Lynch, former manager of Fidelity’s Magellan fund and current vice chairman of Fidelity, graduated in 1965 from Boston College. He said in the release that he donated the art to inspire students and museum visitors.

“My hope is that this artwork, all of which my wife Carolyn and I collected during our 50 years together, will help students to develop a deeper understanding of art and its importance as a form of expression,” he said.

The collection features a diversity of painting styles. Among the notable pieces are Pablo Picasso’s drawing Head; Winslow Homer’s painting Grace Hoops; Mary Cassatt’s watercolor Mother and Child; John Singer Sargent’s painting Olive Trees, Corfu; and Jack Butler Yeats’s 1929 painting Farewell to Mayo, which the actor Sir Laurence Olivier gave Vivien Leigh as a wedding present.

Theodore E. Stebbins Jr., the consultative curator of American art at Harvard University’s Fogg Museum and the former curator of American paintings at the Museum of Fine Arts in Boston, called the collection “an extraordinary compilation of artwork.”

Nancy Netzer, the Robert L. and Judith T. Winston Director of the McMullen Museum, called the donation “a transformational gift for the McMullen Museum.” She said the museum would work with Boston College faculty and students and other art scholars to conduct new research on the artwork and share it widely with other audiences.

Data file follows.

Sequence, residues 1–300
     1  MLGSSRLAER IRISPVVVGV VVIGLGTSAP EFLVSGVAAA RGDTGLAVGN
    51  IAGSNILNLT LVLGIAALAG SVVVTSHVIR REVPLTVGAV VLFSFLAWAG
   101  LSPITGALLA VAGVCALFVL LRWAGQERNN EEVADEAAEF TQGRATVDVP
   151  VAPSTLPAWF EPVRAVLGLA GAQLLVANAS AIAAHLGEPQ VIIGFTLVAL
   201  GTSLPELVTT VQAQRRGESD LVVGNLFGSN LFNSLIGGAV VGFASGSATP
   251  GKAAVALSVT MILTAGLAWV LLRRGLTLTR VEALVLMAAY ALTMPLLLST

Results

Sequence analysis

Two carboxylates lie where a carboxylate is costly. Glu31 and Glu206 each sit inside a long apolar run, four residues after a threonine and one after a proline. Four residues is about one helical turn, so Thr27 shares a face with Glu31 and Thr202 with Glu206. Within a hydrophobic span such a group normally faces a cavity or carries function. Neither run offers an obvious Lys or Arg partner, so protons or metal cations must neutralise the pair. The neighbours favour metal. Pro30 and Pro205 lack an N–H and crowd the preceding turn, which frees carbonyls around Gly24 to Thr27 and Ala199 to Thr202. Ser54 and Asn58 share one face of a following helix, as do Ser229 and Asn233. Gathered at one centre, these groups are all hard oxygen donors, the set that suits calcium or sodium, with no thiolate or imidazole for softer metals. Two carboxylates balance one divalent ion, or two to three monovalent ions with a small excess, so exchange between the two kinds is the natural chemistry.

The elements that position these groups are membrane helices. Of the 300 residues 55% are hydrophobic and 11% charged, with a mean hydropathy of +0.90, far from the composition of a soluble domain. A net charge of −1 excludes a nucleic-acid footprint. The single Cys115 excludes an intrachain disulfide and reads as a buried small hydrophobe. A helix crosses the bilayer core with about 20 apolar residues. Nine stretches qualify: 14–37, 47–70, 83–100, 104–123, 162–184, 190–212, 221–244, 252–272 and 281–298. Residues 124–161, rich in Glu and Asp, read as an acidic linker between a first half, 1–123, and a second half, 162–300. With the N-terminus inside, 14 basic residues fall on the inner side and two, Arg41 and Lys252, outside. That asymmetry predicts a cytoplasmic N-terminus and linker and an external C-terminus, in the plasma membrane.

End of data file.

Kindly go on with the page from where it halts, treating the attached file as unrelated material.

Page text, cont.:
Lynch said that when he and Carolyn married, they did not have the money to buy fine art so the collection came later. “We cherished having this art in our homes, but it is now time to give it away so that it can be studied and enjoyed by others.”

“I know that the collection was sought after by other museums, but I wanted it to go to my alma mater, which dramatically improved my life, and where my father taught mathematics and physics, my wife proudly received an honorary degree in 2009, and my daughter Annie spent four wonderful and productive years,” he said.